|Attilan Rough Riders: strangely unwilling to answer whether|
they cut open their cheeks to store food in, like some terrifying inverse gerbil
Scars are serious business.
With the human race arguably never so populous, and certainly never before with such numbers embroiled in warfare, it is quite possible that there are more scars being carried by mankind today than at any point in our millennia of history. The vast majority of these historical markers for savage wounds will have been incurred as we fought our enemies within, without, and beyond.
Not all of them, however. Some scars, we give to ourselves.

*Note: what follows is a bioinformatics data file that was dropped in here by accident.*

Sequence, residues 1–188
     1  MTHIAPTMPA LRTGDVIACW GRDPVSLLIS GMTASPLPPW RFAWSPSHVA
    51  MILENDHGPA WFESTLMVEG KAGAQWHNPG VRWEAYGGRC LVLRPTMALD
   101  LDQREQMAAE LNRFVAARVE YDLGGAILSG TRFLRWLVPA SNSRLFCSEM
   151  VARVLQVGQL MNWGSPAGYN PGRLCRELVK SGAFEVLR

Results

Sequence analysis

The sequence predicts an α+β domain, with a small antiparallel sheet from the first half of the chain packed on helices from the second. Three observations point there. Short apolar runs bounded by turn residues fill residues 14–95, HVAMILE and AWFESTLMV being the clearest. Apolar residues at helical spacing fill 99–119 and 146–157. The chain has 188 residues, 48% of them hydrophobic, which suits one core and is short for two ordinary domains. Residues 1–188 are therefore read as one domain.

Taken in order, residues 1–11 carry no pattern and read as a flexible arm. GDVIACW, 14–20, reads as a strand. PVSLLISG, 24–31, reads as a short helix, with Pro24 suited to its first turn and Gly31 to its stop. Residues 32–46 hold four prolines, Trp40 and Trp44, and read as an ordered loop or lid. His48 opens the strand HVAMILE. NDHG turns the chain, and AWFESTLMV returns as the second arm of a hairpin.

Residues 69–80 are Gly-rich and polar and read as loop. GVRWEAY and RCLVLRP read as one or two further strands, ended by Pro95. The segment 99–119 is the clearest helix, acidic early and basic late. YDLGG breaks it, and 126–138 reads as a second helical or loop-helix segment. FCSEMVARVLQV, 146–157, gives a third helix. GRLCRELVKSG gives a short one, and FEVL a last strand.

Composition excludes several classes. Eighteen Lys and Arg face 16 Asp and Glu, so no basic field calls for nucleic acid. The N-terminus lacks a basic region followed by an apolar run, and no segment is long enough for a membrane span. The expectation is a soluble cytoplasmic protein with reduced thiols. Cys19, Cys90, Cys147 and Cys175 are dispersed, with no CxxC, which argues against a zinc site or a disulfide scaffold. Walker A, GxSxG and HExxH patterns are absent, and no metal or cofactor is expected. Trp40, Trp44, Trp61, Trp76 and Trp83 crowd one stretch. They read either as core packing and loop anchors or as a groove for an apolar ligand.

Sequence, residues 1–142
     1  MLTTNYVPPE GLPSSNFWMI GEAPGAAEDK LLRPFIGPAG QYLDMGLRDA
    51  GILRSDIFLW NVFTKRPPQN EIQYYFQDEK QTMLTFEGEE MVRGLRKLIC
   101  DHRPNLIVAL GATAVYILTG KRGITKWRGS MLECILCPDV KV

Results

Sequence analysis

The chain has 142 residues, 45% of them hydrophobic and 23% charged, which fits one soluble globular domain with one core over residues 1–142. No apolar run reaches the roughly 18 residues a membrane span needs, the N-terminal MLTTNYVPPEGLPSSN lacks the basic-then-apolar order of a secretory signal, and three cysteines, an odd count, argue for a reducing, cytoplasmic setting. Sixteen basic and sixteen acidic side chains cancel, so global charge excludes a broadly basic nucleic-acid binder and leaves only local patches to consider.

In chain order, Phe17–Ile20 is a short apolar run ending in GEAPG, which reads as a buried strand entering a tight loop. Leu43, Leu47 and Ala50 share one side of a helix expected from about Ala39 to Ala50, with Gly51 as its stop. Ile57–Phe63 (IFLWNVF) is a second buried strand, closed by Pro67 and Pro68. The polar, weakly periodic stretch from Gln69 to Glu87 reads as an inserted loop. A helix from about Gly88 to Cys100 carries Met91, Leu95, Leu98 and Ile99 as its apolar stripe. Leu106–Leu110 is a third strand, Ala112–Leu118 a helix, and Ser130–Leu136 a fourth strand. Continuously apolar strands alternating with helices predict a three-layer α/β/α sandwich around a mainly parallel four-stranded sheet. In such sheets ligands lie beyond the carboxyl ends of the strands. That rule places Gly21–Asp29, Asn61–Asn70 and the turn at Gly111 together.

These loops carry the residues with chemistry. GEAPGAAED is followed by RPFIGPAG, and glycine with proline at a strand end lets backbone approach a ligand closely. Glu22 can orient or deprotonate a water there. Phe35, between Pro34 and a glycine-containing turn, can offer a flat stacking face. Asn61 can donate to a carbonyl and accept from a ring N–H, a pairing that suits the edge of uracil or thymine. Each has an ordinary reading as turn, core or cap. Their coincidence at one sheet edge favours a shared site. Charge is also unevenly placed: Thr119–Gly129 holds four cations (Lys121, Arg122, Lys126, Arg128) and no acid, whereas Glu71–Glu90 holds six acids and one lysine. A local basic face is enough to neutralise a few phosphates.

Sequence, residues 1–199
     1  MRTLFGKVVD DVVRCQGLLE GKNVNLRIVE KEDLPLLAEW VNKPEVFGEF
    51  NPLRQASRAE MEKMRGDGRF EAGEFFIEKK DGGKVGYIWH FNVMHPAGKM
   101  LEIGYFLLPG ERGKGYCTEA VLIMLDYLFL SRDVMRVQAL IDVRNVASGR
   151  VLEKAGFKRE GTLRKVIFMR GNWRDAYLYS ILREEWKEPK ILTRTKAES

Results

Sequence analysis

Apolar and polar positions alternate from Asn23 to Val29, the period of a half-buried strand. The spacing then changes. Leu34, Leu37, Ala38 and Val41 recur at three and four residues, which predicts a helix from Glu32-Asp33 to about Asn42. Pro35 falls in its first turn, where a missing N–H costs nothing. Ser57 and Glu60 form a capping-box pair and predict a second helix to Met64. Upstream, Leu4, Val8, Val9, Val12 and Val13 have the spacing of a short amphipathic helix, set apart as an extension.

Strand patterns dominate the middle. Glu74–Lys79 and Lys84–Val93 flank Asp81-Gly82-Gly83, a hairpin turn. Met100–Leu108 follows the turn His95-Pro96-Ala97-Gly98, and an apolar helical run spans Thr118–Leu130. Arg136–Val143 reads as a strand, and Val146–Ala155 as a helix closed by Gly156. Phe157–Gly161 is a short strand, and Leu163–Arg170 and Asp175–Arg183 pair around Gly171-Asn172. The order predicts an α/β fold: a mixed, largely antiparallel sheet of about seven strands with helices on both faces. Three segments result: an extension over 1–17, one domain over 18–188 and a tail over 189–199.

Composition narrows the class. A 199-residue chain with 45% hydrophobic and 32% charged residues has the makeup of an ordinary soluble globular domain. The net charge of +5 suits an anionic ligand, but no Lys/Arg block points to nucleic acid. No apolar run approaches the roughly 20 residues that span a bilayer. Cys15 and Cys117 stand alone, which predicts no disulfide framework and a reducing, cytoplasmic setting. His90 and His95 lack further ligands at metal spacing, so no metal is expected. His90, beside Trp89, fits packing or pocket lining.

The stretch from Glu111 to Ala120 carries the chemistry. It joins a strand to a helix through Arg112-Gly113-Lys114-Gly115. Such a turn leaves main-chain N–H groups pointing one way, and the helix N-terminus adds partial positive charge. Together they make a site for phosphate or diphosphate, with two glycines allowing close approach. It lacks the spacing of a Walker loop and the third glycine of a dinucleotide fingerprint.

Scarification is a ritualistic practice that dates back to the Dark Age of Technology, and almost certainly earlier. The plains of Afrique, the forest nations south of Nordafrik; reports can be found from all over Ancient Terra, and the practice continues today, most obviously amongst the savage horsemen of the steppes of Attila. The reasons for scarring oneself are as varied and peculiar as the languages humanity once spoke - as we still speak, when we can escape the tyranny of Low Gothic. Language is a fine metaphor here, in fact, because scarification at heart is intended as message delivery. And, again like a language, the message is one of inclusion: we belong here, you do not.